• 10-23-2007, 08:28 PM
    Fleet1950
    Low resistance with Boston CR6 need help
    I have a set of Boston CR6s. I was just messing around and tested the resistance of the speakers. They both test out at 3.6-3.8 Ohms. I know that this is not the most accurate method, but I did test all of the other 8 ohm rated speakers and they all test out at about 5.6-5.8 Ohms

    I am really worried about using such a low impedance speaker with a 8 ohm rated reciever. Am I totally missing something with this? Can a speaker degrade and lose resistance? Please let me know what all of this means.

    Thanks so much for any advice.

    Ok I just went and tested my Boston A40s and they are the same. What am I missing? Thanks!
  • 10-25-2007, 04:34 AM
    SAEA501
    By tested, I am assuming you put a volt meter across the terminals....correct?

    If so, you have measured DC resistance of the assembly. Speaker manufacturers state a nominal or average resistance as this resistance varies with frequency. A stated 8 ohm speaker, depending on it's design, can vary between 2 and 10 ohms, which is determined by the frequency it is reproducing. If Boston presents the speaker as 8 ohms then I would go ahead and use them with your receiver. If they are presented as a 4 ohm system then you can try them with your system but I would keep a close watch on the temperature of your receiver, especially when driving it at a little higher volume. Less resistance allows the receiver's output stage to pass more current and in turn generate more heat.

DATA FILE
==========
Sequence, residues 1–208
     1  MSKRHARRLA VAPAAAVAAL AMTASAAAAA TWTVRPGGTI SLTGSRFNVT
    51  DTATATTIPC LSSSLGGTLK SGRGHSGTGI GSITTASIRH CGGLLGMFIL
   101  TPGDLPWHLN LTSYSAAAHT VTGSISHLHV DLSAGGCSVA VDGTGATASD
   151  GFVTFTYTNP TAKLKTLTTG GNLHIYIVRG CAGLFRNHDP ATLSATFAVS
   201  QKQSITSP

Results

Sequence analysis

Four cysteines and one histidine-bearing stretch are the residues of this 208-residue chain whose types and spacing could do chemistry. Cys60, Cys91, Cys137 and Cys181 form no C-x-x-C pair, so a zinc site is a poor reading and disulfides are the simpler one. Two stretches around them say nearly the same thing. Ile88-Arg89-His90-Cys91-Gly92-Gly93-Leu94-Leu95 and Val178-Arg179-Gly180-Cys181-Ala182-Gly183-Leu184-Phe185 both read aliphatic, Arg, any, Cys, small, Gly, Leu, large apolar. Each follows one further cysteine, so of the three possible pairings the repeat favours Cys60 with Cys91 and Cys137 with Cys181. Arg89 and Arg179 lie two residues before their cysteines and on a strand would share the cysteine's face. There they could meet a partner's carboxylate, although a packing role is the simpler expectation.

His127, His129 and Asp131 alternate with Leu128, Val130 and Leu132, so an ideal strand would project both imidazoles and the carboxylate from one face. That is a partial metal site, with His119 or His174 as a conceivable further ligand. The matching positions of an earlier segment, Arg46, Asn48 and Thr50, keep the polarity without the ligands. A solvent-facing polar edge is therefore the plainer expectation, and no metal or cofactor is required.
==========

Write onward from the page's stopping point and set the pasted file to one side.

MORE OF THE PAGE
A lower impedance load may also present a stability problem to your receiver. As impedance drops current flow increases. Most receivers look at this as approaching a dead short and their protection circuitry will attempt to limit current flow, which will degrade audio quality. Worst case, it is possible you may damage the amplifier. If you are not sure, call Boston and ask what the original specs were for these speakers.
  • 10-25-2007, 06:30 PM
    Fleet1950
    I had looked at a few pages discussing the effects of frequency on the impedance. I knew that testing DC resistance was not the most scientific way to do this, but it just had me worried that all of my other 8 ohm speakers were about 6 ohms. I had called BA yesterday but the guy I talked to had no answer. I called back today and spoke to the head of the tech department and he explained that this is perfectly normal DC resistance for these speakers that when AC impedance is averaged out it is very close to 8 ohms. Thanks for the advice.